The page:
As the middle of summer approaches, you need to be vigilant about keeping your garden free of pests. Many insects breed during the summertime, which means they're on the lookout for great places to lay their eggs. For many bugs, that means near a source of food. In fact, some species of insects will lay their eggs inside budding vegetables and fruit so their larvae have something to eat as soon as they hatch. That's why you have to keep harmful bugs out without damaging the bugs that could help you, such as bumble bees.
You might have noticed that, with the exception of the kitchen, you find more pests in your bathroom than in the rest of your home. This is because insects and rodents see the bathroom as a convenient watering hole. Pests love leaky pipes and standing water because these offer them a hydrating oasis in the otherwise dry biome that is your house or apartment. And if your bathroom develops mold, all the better for pests, who may eat fungus or use it to lay their eggs.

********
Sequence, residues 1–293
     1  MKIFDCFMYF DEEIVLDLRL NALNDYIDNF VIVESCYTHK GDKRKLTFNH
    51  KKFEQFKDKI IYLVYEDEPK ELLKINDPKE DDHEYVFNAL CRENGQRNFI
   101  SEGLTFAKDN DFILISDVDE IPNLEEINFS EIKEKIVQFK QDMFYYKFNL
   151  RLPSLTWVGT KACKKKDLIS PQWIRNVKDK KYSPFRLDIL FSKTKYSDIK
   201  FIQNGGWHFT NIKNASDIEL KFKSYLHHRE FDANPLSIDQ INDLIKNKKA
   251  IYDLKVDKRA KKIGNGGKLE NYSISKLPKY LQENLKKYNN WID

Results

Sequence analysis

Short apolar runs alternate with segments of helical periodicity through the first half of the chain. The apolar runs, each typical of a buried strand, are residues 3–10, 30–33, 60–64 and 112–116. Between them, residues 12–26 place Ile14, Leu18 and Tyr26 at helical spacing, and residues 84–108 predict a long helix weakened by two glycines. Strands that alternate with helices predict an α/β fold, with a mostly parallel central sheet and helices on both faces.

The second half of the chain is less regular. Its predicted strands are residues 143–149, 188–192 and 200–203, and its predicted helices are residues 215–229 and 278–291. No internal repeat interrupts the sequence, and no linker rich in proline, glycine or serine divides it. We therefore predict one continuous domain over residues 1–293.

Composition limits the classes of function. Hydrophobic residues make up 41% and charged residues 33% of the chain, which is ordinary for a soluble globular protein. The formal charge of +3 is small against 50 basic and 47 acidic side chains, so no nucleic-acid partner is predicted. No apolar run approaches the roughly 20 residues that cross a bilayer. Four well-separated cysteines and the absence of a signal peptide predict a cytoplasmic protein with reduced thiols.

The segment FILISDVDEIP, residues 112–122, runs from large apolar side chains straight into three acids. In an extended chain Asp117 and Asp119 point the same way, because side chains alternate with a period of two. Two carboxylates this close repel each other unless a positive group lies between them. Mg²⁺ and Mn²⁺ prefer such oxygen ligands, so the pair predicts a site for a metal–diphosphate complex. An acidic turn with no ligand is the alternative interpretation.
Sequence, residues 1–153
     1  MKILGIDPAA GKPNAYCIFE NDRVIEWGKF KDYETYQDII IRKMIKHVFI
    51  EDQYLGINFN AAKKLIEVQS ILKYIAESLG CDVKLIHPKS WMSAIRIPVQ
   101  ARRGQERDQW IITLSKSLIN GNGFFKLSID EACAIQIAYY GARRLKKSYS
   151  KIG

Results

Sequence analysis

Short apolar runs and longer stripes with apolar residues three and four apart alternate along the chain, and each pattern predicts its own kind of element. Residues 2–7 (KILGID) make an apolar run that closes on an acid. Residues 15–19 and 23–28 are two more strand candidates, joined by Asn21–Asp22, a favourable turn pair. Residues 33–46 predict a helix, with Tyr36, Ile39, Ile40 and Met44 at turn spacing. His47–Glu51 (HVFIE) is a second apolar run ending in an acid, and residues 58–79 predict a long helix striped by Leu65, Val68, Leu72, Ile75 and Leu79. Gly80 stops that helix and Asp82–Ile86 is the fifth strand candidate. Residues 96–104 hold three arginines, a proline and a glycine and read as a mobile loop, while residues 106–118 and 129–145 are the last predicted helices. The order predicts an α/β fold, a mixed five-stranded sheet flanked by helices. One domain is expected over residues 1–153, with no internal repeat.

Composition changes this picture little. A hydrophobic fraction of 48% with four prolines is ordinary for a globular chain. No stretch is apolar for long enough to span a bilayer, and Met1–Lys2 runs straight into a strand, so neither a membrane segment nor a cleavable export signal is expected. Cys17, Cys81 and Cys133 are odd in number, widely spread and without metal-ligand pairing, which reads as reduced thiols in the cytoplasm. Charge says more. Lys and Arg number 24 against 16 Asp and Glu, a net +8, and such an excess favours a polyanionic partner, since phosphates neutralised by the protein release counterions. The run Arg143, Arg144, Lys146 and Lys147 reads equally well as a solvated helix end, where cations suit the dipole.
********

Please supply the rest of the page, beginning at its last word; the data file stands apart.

The kitchen is largest gathering place for pests in a residential home. The reason is simple: pests can grab a bite to eat and take a sip of water while they're here. And when they find such a bountiful place, they will return home to their nests and report the finding - before you know it, your whole pantry is a buffet for ants! The problem could get even worse if a piece of food falls somewhere and begins to rot. Similarly, fruit and vegetables you bring into your home may be harboring unseen pests waiting to hatch.